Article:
Are we supposed to feel? Yes! Absolutely! Are we only feeling, sentient beings with no logic or reason, no system of checks and balances? Absolutely not! You have a heart and a mind and both must work together, in agreement, with a singularity of purpose if you are to be effective and consistent in the living of life. Some people claim to be more feeling than thinking, while others claim the opposite and I have no doubt that there is a spectrum upon which people naturally exist, but the fact is that every single person on earth is privileged to have both heart and mind at their command.

Of course people with severe mental disabilities or who have suffered traumatic experiences that have altered the landscape of their emotional realm to the point that they do not have the capacity to function within the band of what is considered “normal” function may not be able to put their original equipment to good use and in even rarer cases the original equipment is defective, but the point is that the overwhelming majority of people have a potentially properly functioning mind and heart. Like any mechanical piece of equipment, your mind and heart must be fed properly, used properly and well maintained to ensure correct function.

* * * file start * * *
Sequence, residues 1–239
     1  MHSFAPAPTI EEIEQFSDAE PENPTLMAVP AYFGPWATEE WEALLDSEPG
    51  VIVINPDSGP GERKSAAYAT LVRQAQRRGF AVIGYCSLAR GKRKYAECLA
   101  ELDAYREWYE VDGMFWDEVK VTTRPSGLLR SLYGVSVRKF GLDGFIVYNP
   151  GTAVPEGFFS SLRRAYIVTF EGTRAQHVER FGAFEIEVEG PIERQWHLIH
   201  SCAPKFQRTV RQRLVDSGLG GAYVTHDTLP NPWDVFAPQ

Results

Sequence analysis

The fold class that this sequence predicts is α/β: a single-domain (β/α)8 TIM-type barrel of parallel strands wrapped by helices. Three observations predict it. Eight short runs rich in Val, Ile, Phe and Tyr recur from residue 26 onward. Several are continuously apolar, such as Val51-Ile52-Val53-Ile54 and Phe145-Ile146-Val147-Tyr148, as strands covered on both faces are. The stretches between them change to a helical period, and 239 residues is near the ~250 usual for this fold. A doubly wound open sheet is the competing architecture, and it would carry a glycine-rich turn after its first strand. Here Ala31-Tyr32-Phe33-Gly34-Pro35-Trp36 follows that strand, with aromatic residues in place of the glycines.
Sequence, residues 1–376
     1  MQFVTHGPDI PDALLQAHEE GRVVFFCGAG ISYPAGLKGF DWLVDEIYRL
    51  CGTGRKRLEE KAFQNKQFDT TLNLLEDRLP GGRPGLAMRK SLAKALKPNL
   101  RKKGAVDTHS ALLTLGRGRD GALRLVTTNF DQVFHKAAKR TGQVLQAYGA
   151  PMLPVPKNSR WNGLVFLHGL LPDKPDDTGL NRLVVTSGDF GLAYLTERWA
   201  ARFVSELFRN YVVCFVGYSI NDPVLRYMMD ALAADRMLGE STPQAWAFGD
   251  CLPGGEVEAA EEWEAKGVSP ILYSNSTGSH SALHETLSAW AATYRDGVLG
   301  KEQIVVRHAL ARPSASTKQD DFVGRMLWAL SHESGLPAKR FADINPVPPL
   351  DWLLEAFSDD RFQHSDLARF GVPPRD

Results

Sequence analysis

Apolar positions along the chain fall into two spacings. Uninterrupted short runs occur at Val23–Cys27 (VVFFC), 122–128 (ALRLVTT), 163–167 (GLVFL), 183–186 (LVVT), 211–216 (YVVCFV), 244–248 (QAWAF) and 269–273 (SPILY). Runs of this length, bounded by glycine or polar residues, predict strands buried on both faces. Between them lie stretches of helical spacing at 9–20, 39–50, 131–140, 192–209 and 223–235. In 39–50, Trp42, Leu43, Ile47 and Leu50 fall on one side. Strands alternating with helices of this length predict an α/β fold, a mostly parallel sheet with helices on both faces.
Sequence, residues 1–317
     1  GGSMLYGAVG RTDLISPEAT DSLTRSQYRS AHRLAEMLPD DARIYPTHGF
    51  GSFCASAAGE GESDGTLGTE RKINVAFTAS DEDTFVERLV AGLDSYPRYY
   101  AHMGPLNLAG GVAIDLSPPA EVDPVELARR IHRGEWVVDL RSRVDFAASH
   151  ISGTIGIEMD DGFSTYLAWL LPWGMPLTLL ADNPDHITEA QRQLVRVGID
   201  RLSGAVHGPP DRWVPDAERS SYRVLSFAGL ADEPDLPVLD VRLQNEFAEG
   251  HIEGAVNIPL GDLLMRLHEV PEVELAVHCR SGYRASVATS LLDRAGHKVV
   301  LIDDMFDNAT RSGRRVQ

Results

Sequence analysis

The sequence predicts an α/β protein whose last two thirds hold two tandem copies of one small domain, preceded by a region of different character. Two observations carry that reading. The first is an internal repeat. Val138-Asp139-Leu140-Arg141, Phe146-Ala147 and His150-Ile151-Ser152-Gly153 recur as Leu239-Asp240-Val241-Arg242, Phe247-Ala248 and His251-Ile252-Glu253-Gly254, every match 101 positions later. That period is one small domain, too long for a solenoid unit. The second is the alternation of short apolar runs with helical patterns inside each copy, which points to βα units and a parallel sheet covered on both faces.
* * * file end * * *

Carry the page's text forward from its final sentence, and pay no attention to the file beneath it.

Life is meant to be enjoyed, but such an experience will not come served up on a silver platter. You must do the work to discover your purpose. You must work hard to overcome the gravity of mediocrity that weighs heavily upon the human condition. You must apply yourself humbly, be willing to make corrections at every turn and stand up for what you know to be right, to be true at all cost.

Those who do, overcome. Those who don’t sit sour-faced on the sidelines, jeering at those on the playing field, crippled by jealousy, self-pity and complaint.

The choice, my friends, is yours!


7 thoughts on “The Sour-Faced Man

  1. Colin

    This is a great expanding of the Teddy Roosevelt quote from the beginning. Ultimately, I believe the two things that Roosevelt encouraged are somewhat entwined. You can be an achiever, but you will only ever get so far as the sour-faced man. Conversely, you can be a happy person, but how long can it last when you realize that you never do what you set out to do? Thanks for a great topic today.


  2. Lady Leo

    The ultimate of all the gifts we’ve been given is choice. What we choose is who we become.
    Woderful post. Pleasant weekend to all.


  3. Brad

    Powerful picture you chose to go along with a great quote.
    Thanks for the reminder of the impact I have as a father.

    My wife and I were speaking last night about the value of acknowledgement for children. I asked her what impact she thought acknowledgement has on children…she said the potential added value for a child is cannot be measured, it provides a clear path of direction that says you’re headed in the right direction – keep going.
    Our words and actions have a massive impact on our children, so why not show them a love for life and other people.